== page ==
Forum: Ruby on Rails Confusion about has_many / belongs_to ...

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Andrew C. (Guest)
on 2006-04-07 18:55
(Received via mailing list)
I have a table called players and its model Player, and I have a table
called games and its model Game.

In the games table I have:

player1_id int(11)
player2_id int(11)

I want the tables to be associated so that I can access the player
objects using table.player1 and table.player2 rather than having to
lookup the objects based on the ids.

I am not sure how to go about this but I suspect I need to use either
has_many or belongs_to or one of the mixed versions in my Game/Player
models.

I would be very grateful if someone could shed light on what I need to
do here.

Thank you
Andy
Brian V. Hughes (Guest)
on 2006-04-07 19:47
(Received via mailing list)
Well, if a game has more than one player, and your players can take part
in
more than one game (that's an assumption, so it could be wrong;), then
what
you really have is a has_and_belongs_to_many relationship. That would
give you
a games_players join table.

In fact, if you wanted to maintain separate player meta data, for each
game
they participated in, as well as game-specific meta data, you could
actually
structure this relationship as a has_many :through. This would probably
change
the games_players table into a participants table (or something
similar). And
you would put:

   has_many :games, :through => :participants # in the Player model
   has_many :players, :through => :participants # in the Game model

and in the Participant model

   belongs_to :game
   belongs_to :player

-Brian
Andrew C. (Guest)
on 2006-04-07 20:07
A player can only participate in a single game, which should make the
situation easy but I can't quite figure it out...

Does the Game model has_many :player ?

Does the Player model belongs_to :game?

and once thats sorted out would I be able to access those associated
objects with game.player1 and game.player2 ?

That is, does rails know that because games has player1_id and
player2_id that games.player1 and games.player2 are objects from the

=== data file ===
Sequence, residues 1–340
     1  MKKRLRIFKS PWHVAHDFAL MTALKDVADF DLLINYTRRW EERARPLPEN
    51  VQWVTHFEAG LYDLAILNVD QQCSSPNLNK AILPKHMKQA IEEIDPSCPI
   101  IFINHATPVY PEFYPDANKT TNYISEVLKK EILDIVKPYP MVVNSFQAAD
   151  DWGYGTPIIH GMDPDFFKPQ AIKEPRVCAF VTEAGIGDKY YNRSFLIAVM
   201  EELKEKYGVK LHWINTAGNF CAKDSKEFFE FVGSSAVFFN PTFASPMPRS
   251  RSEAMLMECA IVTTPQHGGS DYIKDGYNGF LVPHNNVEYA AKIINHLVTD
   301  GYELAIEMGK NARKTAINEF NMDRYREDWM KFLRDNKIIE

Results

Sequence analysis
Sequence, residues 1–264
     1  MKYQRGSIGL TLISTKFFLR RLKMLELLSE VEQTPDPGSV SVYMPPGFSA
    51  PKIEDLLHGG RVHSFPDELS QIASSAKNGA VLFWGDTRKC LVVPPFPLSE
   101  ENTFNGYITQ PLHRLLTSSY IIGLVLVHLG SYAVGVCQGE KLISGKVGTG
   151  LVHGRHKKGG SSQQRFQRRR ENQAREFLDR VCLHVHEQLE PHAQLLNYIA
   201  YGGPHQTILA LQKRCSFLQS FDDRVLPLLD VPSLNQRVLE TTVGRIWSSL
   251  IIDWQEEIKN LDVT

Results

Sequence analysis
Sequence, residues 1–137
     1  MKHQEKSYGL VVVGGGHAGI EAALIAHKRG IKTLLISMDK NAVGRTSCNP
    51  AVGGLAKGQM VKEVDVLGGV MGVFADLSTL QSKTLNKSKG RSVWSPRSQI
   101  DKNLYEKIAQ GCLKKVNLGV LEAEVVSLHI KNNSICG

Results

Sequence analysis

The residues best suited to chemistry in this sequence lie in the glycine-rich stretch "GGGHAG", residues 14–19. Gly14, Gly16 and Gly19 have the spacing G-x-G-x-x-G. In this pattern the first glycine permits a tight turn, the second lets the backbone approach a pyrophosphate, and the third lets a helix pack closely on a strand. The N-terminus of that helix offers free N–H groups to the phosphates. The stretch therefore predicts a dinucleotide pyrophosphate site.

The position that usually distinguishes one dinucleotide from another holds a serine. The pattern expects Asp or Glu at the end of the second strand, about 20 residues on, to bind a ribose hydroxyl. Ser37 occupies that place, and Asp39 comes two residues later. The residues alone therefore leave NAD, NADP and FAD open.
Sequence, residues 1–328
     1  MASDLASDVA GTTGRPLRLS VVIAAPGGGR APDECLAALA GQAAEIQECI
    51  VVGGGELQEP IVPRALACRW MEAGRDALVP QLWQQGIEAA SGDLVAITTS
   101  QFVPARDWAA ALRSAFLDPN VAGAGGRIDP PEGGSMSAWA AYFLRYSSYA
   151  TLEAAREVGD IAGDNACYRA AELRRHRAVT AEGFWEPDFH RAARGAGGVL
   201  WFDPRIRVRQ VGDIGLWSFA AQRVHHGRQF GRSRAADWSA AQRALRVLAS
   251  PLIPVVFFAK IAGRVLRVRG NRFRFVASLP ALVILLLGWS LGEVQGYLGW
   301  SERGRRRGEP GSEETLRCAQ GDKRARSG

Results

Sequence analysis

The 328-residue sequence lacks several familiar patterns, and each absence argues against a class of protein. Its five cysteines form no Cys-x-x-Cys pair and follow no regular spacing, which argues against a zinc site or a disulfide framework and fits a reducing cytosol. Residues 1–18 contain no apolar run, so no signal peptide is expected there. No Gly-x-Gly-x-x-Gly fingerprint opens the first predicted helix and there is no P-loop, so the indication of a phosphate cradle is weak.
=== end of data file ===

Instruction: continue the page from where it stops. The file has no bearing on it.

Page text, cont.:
players table?

You can see I am confused! ;)

-Andy



Brian V. Hughes wrote:
> Well, if a game has more than one player, and your players can take part
> in
> more than one game (that's an assumption, so it could be wrong;), then
> what
> you really have is a has_and_belongs_to_many relationship. That would
> give you
> a games_players join table.
>
> In fact, if you wanted to maintain separate player meta data, for each
> game
> they participated in, as well as game-specific meta data, you could
> actually
> structure this relationship as a has_many :through. This would probably
> change
> the games_players table into a participants table (or something
> similar). And
> you would put:
>
>    has_many :games, :through => :participants # in the Player model
>    has_many :players, :through => :participants # in the Game model
>
> and in the Participant model
>
>    belongs_to :game
>    belongs_to :player
>
> -Brian
Ryan B. (Guest)
on 2006-04-07 22:07
(Received via mailing list)
On Apr 7, 2006, at 9:07 AM, Andrew C. wrote:

> That is, does rails know that because games has player1_id and
> player2_id that games.player1 and games.player2 are objects from the
> players table?
>
> You can see I am confused! ;)
>
> -Andy


I believe what you actually need is a has_one relationship. Although
the game does have many players, the way the table is set up, it only
has one player1 and one player2. Try this:

class Game < ActiveRecord::Base
   has_one :player1, :class_name => 'Player'
   has_one :player2, :class_name => 'Player'
end

You need to specify the class name because otherwise it will look for
a class called Player1 which of course doesn't exist. You should then
be able to use game.player1 or game.player2 to access the players.

However, you may find this database design will cause problems later.
If, for example, you want to support more than two players, you will
need to add more columns for player3, player4, etc. Then what if you